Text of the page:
If, however, the school system verbally promised families of magnet-school children that they will be provided transportation within reasonable distance of the school, that is technically a contract, Slutzky said.

Woods said he is upset that the new rules only hurt students, teachers and families.

"I do feel personally that some of these decisions from the school board were based purely on political reasons," Woods said. "I hope we can get beyond that."

Many parents told the officials that their students attend magnet programs and they have to wait in distant or unsafe locations.

They also said many schools kick students out of the building at closing time, leaving them exposed outside or waiting at a library, where parents sometimes get calls from police if the library closes early.

Tiffaney Evans was one of several parents from the Forest Oaks neighborhood in Edgewood.

Evans said she specifically checked to make sure her child would not have to walk to school when she bought her house.

She also said 11 registered sex offenders live within walking distance of the school.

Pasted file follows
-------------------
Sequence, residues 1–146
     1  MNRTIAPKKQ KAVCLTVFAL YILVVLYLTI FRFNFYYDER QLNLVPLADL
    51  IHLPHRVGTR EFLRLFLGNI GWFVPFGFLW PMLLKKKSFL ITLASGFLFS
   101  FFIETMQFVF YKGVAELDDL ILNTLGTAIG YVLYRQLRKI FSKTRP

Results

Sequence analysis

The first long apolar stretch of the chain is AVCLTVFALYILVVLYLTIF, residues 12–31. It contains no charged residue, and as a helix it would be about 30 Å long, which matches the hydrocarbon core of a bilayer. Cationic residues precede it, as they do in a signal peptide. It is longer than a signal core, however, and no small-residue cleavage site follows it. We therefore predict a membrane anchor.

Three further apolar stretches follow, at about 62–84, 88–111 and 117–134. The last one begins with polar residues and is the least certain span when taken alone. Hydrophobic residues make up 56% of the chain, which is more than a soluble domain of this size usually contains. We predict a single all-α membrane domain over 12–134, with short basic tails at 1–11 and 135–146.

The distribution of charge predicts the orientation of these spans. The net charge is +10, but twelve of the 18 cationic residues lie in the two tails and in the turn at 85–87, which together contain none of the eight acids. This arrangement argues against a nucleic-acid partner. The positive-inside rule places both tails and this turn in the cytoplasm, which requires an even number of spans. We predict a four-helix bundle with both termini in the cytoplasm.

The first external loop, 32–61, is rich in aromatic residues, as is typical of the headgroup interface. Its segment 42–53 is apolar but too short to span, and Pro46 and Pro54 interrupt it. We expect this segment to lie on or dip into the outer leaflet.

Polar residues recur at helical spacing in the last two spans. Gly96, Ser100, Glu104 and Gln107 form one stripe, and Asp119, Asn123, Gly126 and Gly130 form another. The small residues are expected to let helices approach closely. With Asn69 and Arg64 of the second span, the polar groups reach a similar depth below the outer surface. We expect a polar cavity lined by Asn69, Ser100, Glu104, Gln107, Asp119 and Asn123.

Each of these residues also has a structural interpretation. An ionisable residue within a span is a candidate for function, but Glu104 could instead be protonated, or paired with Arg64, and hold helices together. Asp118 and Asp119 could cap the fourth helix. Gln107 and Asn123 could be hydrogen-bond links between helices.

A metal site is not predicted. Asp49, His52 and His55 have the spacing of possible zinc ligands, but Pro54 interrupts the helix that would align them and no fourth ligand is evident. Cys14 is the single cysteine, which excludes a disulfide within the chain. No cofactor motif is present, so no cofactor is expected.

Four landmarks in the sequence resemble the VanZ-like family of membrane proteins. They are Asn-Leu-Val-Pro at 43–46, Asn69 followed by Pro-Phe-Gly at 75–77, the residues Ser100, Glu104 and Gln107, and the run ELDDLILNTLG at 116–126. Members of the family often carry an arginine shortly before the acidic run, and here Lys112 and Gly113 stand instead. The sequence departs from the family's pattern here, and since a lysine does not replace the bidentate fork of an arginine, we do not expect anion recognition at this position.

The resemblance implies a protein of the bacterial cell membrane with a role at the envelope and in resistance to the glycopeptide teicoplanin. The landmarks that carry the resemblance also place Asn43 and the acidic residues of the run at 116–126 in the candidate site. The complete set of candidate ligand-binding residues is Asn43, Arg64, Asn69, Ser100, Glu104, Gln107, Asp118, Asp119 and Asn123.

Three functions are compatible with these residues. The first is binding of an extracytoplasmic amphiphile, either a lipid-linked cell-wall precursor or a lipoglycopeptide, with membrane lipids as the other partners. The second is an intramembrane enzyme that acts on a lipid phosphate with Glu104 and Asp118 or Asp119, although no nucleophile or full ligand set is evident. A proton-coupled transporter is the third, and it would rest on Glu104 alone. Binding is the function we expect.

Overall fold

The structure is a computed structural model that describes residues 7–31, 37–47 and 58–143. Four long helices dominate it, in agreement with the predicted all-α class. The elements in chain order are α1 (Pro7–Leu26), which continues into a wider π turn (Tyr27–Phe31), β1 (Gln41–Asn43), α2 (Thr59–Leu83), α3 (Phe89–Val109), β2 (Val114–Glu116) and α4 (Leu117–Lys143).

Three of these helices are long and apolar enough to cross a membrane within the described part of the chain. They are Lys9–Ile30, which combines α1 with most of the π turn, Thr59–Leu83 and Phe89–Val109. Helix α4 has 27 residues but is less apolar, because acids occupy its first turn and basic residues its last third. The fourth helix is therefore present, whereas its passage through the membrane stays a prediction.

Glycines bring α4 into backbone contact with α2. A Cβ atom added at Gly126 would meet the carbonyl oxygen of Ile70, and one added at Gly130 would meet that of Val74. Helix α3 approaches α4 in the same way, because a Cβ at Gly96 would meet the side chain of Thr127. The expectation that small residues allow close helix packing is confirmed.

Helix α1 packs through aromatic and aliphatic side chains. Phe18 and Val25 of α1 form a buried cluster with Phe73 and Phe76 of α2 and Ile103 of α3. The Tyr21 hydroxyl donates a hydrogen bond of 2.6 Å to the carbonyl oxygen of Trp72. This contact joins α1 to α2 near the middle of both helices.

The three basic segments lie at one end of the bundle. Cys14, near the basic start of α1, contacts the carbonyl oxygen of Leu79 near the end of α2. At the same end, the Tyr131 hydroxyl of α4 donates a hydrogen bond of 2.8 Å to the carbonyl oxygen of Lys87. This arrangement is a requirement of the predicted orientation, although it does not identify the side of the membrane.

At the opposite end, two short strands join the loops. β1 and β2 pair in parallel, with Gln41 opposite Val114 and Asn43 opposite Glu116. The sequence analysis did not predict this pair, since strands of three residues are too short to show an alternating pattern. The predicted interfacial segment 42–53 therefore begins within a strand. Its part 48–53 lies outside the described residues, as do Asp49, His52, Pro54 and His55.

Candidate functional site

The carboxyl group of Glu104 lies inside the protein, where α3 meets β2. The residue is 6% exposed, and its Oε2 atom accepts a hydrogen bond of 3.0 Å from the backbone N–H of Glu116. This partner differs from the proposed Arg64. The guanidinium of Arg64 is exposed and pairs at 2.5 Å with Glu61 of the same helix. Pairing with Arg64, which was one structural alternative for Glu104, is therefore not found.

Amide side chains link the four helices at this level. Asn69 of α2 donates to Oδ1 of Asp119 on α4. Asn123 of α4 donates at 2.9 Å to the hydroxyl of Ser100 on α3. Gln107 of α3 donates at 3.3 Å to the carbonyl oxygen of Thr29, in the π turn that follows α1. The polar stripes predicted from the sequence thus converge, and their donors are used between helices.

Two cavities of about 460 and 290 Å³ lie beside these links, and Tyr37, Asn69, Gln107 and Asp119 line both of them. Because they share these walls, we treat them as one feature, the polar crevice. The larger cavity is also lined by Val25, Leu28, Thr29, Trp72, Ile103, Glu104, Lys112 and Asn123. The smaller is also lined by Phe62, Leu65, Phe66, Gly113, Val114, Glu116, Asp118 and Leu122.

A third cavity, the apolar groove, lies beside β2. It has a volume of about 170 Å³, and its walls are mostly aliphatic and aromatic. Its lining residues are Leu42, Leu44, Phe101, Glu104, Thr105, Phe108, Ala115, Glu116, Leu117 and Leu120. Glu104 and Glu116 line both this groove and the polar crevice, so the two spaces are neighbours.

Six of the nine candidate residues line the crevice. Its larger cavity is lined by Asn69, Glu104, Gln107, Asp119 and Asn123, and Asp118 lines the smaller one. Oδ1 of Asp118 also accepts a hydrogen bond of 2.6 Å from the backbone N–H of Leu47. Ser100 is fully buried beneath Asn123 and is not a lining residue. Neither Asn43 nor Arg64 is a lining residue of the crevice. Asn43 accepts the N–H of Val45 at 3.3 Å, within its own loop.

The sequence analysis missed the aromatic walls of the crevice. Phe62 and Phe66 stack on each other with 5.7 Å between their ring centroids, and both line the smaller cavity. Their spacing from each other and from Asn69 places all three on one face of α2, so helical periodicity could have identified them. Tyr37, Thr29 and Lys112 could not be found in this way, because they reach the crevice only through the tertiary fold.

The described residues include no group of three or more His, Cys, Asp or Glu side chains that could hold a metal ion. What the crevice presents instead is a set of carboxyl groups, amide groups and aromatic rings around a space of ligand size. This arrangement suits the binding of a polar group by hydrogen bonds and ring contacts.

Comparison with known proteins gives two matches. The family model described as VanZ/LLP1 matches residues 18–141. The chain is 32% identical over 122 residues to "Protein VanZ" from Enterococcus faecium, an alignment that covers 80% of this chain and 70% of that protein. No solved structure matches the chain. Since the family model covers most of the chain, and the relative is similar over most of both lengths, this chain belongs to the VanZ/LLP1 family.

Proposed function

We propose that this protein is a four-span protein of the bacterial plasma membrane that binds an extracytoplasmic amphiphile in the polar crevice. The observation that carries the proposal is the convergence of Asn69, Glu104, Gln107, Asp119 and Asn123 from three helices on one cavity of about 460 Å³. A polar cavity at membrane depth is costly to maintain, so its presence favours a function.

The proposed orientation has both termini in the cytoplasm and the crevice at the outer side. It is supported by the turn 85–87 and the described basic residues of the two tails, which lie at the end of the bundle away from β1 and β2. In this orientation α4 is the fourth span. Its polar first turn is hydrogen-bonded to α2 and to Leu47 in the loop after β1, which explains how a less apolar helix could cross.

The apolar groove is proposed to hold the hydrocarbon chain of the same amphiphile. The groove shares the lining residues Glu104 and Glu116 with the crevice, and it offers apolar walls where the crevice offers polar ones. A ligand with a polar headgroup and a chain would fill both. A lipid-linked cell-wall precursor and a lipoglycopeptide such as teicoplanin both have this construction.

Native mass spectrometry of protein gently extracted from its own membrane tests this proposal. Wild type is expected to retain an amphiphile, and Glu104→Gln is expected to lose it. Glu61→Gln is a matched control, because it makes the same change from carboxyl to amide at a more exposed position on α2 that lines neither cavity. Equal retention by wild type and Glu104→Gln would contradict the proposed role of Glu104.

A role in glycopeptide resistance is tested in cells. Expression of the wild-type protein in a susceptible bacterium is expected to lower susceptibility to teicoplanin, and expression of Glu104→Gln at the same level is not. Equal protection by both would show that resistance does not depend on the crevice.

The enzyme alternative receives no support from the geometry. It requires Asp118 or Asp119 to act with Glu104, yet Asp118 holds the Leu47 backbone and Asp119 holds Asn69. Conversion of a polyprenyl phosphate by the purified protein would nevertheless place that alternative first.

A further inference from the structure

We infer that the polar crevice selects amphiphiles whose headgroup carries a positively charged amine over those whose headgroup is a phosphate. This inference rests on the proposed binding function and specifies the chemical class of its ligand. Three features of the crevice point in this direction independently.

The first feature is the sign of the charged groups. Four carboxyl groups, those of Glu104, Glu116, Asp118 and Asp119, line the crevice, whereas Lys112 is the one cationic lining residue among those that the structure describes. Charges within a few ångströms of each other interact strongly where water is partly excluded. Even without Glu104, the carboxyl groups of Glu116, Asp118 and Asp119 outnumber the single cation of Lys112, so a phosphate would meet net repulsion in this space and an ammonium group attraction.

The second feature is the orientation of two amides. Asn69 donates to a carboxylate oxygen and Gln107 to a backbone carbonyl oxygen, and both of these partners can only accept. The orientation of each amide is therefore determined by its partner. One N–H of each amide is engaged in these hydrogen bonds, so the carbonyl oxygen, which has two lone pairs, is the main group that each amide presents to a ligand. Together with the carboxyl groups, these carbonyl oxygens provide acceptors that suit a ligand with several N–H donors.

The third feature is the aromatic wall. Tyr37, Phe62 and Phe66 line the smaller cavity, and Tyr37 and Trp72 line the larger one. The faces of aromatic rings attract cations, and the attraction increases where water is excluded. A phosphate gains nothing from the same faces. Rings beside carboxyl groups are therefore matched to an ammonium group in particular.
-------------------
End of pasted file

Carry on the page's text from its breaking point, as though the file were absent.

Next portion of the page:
Evans thought the "pay-to-play" concept especially affects children.

"Everything is going up except for our income, and our children shouldn't have to pay for that, not in the education system," she said.

Mark Dillon, of Forest Hill, said his daughter would have to walk five or six miles, past the Harford County Detention Center, with no sidewalks, to get to her designated depot stop to wait for a bus to be taken to the magnet program.

The bus routes changes "was first and foremost a breach of contract. We were told our children would be provided transportation," Dillon said.

With very little notice, "as parents, we had no time to react whatsoever," he said.

"The kids are stressed because they don't know how they are going to get home," he said, adding he has had to drive his daughter, as many other parents have been doing.

"It is hard to say to our child, you can't go to the magnet program because it doesn't fit our work schedule," he said.

Lisa Baker, also of Forest Hill, said her two children attend the international baccalaureate program at Edgewood High School.

Parents were promised a well-lit, secure location to wait for the bus, she said.

"Bel Air High School at 6:30 in the morning is not well-lit," she said. "I am asking for a safe place for my kids to be picked up from school."

Meanwhile, Sheriff Jesse Bane and a deputy in charge of school resource officers and crossing guards told the crowd they are hoping to speed up hiring of new crossing guards, which must be requested by the schools.

Bane encouraged residents to let the Sheriff's Office know if a guard is needed at a certain location.